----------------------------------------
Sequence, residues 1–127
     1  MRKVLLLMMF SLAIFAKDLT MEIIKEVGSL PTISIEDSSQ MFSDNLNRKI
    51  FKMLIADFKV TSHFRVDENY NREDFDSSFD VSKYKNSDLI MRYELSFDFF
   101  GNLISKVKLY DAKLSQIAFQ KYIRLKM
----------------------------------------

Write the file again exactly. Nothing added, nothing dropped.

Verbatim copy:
Sequence, residues 1–127
     1  MRKVLLLMMF SLAIFAKDLT MEIIKEVGSL PTISIEDSSQ MFSDNLNRKI
    51  FKMLIADFKV TSHFRVDENY NREDFDSSFD VSKYKNSDLI MRYELSFDFF
   101  GNLISKVKLY DAKLSQIAFQ KYIRLKM